Churches Still Aren’t Listening on Social Media

Churches Still Aren’t Listening on Social Media

September 21, 2016 by

Six years ago, Mickey Mellon wrote an article on how churches aren’t listening on social media. He conducted a simple experiment on Twitter to test how local churches would respond.

In short, they failed. Out of 11 churches he reached out to directly, only one responded. One.

How often does this happen? A potential church-goer contacts a church directly with a question only to be flat out ignored. We can all agree that this is a missed opportunity and needs to change.

The Re-Do

Since it’s been a few years, I wanted to test again and see if anything had changed. Using similar methods, I tweeted at 20 Atlanta-area churches over two consecutive weeks to test their reactions.

My optimistic guess was that half of the churches would respond. I sincerely hoped that we had made some noticeable strides forward since 2010.

The Method

In addition to the 10 churches* Mickey reached out to during his experiment, I added 10 more church to make it an even 20. I also expanded the experiment from one round of tweets to two.

To ensure that these were active Twitter accounts, I only selected churches that had tweeted sometime during the past year and had at least 100 tweets total. I also made an effort to vary the churches based on size, denominations and location around Atlanta.

The sizes of the Twitter followings also covered a wide spectrum. The church with the most followers had over 13,000, while some of the accounts had less than 100 followers. The average following of all 20 churches was 2,700.

*One church included in the original experiment has deactivated their Twitter account since 2010.

The Experiment

In two consecutive weeks, I tweeted simple questions at the selected churches and recorded their responses. The two questions are those any first-time visitor might ask: what is your sermon about this week, and when are your worship times?

To prevent timing from skewing the results, I scheduled all tweets ahead of time using Tweetdeck. Both weeks, the tweets were scheduled for Thursday mornings. In theory, this gave the churches enough time to respond before Sunday.

The Results

  • Of 40 tweets sent to 20 churches, I received only six responses from five churches.
  • One church responded both weeks and did so in less than 30 minutes both times.
  • The first week I only received the one response; the other five responses came during the second week.
  • Five out of six responses came within two hours or less of my question tweet.
  • The sixth came a few hours before we were about to publish this article.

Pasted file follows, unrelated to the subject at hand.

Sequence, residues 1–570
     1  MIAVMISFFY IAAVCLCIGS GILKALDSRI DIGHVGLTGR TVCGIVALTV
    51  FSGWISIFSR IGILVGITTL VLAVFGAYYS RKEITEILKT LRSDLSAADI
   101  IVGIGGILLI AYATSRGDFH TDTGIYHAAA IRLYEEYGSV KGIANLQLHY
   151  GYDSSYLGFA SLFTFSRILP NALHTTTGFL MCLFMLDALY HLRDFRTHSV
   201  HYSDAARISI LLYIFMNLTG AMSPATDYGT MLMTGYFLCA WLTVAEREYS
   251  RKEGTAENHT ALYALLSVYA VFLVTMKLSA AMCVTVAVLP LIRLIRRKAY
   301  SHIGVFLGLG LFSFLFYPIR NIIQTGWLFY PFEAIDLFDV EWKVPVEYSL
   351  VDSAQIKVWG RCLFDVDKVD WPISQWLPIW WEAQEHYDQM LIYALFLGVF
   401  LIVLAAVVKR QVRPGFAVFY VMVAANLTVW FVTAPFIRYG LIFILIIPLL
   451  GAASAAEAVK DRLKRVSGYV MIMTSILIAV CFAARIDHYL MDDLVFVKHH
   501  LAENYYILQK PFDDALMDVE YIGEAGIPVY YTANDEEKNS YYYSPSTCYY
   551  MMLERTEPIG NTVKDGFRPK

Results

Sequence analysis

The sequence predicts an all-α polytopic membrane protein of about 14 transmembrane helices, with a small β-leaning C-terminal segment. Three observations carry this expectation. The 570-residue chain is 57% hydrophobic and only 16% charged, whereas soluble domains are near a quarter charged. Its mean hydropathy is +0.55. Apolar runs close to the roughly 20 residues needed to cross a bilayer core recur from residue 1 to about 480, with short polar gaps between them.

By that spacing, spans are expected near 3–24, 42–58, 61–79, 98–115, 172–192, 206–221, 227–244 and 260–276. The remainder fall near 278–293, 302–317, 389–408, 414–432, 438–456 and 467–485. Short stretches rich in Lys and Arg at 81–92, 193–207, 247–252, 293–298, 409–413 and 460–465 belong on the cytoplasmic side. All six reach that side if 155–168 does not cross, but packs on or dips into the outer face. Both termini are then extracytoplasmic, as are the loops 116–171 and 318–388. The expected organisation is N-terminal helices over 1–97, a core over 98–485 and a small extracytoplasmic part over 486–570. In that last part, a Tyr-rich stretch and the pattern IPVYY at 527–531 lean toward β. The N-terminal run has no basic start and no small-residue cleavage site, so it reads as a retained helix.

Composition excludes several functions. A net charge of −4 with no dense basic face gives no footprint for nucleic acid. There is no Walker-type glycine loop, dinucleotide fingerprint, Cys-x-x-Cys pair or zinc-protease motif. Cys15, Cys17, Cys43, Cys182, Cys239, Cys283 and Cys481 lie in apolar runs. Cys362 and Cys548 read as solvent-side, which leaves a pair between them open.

• Another church followed me, but never responded. They obviously saw my question and took an action, but didn’t bother to answer the question.

The Findings

I was surprised at the lack of responses to these direct questions on social media. I was confident that churches would have improved with their social listening over the past six years. But I was wrong.

Granted, this experiment is only a small sample size. And there are plenty of factors that could have influenced my less-than-scientific investigation. But the results were still disappointing.

Perhaps the issue is with Twitter. It’s seen a slow decline in engagement as others like Instagram and Snapchat have experienced a meteoric rise. However, based on this experience, I wouldn’t expect that churches will be any more responsive on these newer social platforms.

In the meantime, churches need to do a better job of answering when guests (or nosy church bloggers) reach out to them with questions. In a time when we crave authenticity, answering those who are trying to engage with you should be an obvious first-step toward social media relevance.

How to Improve

So how do we improve? The first step is to truly value engagement with people on social media. Why else would your church be using Twitter?

Gerry True puts it like this: “Heartfelt things are going to be shared on social media, and if we’re not listening to that, people translate that into ‘You really don’t care about me.’”

Van Baird also shares the importance of listening in ministry. In his mind, we should listen more often than we speak. If we don’t, we’ll continue to miss opportunities to reach people.

Post By:

Robert Carnes

Robert Carnes is the managing editor at the Orange Group and also serves as an assistant editor here at Church Marketing Sucks. He's the author of The Original Storyteller: Become a Better Storyteller in 30 Days. Previously, he worked in communications at two United Methodist churches in Metro Atlanta.
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One Response to “Churches Still Aren’t Listening on Social Media”

  • Fr. Richard Jones
    October 9, 2016

    Two things you failed to recommend for churches that are on social media are: #1 They need to have a specific social media strategy that is consistant and measurable. #2 Any church on social media should have a single person, preferably from the pastoral staff who is experienced with various social media platforms, and who is in charge of all social media, including postings and responses. That person should then make a weekly report about social media numbers and interactions at the pastoral staff meeting.

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